About

My latest book The Surnames of Cornwall is now published. Copies can be purchased direct from me, price £9.99. It is also available from The Edge of the World Bookshop, Penzance and from Amazon. There is also an ebook version available for £7.99. For more details of the book see here.

My aim on this site is to provide a comprehensive first port of call for anyone seeking accurate and trustworthy information on Cornwall and its history. I’ll be adding more topics over time. Plans include sections on the origin of Cornish towns, contemporary socio-economic statistics and some bibliographies on aspects of Cornwall’s history. Regular summaries and reviews of academic work on Cornwall can also be found here. Suggestions for further topics are welcome.

You’ll also find a full list of my own publications on the site, some of which have links to full text versions. (For those who don’t know me, I was Senior Lecturer in Cornish Studies at the Institute of Cornish Studies before retirement.) Meanwhile some details of my current and recent projects can be found below.


Also available from Amazon for £9.99 + postage

Industrial Celts explains how Cornwall’s early industrialisation produced a unique society and a distinct regional culture. Socially, Cornwall became home to a dispersed paternalist society. In economic terms, it was based on mining and merchant capitalism. Culturally, it was dominated by Methodism. The twin symbols of mining and Methodism became central to a sense of Cornishness, encapsulated in the popular dialect literature that flourished in the mid-1800s. At the same time, identification of the Cornish as Celts became more widespread. That self-description had been recognised by Cornish historians as early as the 1700s and did not have to await either the later ‘Cornish Revival’ or romantic, metropolitan dreamers. Moreover, early de-industrialisation and mass emigration meant that Cornwall’s rural industrial economy and society retained material differences well into the twentieth century. However, the sense of identity produced by its industrialisation had its limits and proved incapable of competing with more powerful territorial discourses. Industrial Celts, a revised and more accessible version of my doctoral thesis, restores the importance of Cornwall’s industrial period to the modern sense of Cornishness and is an essential addition to the corpus of scholarly work on Cornwall’s past.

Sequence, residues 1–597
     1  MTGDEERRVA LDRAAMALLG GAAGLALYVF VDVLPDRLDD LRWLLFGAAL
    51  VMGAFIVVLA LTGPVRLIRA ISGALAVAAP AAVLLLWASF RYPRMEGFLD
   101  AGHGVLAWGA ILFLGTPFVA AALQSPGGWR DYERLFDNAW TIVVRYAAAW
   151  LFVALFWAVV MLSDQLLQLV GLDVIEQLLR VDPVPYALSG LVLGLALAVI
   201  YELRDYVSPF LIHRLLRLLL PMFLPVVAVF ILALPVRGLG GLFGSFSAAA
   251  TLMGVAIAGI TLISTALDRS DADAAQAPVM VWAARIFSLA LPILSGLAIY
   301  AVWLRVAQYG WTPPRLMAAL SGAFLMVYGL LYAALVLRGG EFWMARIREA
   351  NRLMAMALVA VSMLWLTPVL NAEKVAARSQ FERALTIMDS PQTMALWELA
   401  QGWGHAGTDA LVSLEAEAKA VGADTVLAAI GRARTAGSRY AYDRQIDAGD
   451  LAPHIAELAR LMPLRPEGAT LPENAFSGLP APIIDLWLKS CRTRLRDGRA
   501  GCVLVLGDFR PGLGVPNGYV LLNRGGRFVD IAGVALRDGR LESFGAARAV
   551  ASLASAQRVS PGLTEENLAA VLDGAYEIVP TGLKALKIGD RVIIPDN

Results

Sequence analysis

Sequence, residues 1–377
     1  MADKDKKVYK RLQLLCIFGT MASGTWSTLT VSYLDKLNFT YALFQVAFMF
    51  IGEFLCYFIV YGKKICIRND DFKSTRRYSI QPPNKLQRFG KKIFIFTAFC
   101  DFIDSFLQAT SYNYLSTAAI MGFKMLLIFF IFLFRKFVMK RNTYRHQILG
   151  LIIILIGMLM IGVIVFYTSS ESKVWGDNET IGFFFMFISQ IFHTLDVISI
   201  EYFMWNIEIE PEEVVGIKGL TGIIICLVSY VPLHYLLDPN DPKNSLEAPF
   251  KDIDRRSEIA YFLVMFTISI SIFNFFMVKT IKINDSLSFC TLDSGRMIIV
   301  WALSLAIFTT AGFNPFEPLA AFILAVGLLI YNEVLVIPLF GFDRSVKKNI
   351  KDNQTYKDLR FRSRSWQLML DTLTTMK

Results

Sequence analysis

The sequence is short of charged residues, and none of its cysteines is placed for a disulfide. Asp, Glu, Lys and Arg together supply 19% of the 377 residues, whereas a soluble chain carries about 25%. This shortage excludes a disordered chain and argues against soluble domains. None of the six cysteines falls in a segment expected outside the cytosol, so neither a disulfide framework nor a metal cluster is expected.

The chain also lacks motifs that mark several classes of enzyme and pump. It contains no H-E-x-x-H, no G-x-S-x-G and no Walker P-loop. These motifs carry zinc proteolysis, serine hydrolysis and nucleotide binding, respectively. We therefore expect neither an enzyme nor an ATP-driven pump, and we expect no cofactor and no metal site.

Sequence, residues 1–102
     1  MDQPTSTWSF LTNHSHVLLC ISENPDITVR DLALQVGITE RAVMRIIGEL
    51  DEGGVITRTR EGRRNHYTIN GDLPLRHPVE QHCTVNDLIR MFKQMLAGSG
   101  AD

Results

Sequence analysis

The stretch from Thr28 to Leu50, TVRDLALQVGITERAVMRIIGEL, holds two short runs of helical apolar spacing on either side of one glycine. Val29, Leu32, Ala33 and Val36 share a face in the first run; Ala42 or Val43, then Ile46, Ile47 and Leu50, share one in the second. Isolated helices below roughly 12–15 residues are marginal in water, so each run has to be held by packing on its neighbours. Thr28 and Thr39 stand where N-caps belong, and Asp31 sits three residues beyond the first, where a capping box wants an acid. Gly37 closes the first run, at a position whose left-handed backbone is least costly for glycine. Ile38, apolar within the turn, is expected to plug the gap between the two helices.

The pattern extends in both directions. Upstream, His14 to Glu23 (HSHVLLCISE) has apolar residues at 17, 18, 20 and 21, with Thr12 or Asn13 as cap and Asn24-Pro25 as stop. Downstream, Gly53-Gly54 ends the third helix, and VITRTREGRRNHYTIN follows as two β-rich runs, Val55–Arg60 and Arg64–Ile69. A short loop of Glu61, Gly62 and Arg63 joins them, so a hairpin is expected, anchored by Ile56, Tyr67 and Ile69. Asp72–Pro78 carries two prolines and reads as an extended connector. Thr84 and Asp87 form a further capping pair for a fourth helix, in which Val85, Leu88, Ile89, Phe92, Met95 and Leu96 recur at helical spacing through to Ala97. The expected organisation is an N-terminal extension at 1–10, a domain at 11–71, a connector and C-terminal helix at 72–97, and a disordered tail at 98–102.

For a chapter by chapter synopsis see here.


If you’re interested in this can you afford to miss From a Cornish Study: essays on Cornish Studies and Cornwall?

This 226 page book, published in 2017, is available from Amazon at £9.99 plus postage or the Federation of Old Cornwall Societies bookshop or the Royal Cornwall Museum shop, Truro or direct from me.

For further details see here.

1 thought on “About

  1. Hi there.. I am have just started doing my family tree for PETHERICK. I live in New Zealand so therefore our name is quite uncommon here. I have so far gone back approximately 500years and have traced my 10th Great Grandfather which is so exciting and it seems most of us have derived from Cornwall.I have lived in NZ all my life of 55 years. I am interested in what you may know about the name PETHERICK.

    Kindest regards
    Denise Clevis nee Petherick

    Like

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